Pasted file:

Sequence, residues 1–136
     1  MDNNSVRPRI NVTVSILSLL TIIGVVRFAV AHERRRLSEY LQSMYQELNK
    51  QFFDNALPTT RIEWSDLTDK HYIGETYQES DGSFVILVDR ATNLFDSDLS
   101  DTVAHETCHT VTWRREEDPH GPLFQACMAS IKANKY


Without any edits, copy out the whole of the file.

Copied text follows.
Sequence, residues 1–136
     1  MDNNSVRPRI NVTVSILSLL TIIGVVRFAV AHERRRLSEY LQSMYQELNK
    51  QFFDNALPTT RIEWSDLTDK HYIGETYQES DGSFVILVDR ATNLFDSDLS
   101  DTVAHETCHT VTWRREEDPH GPLFQACMAS IKANKY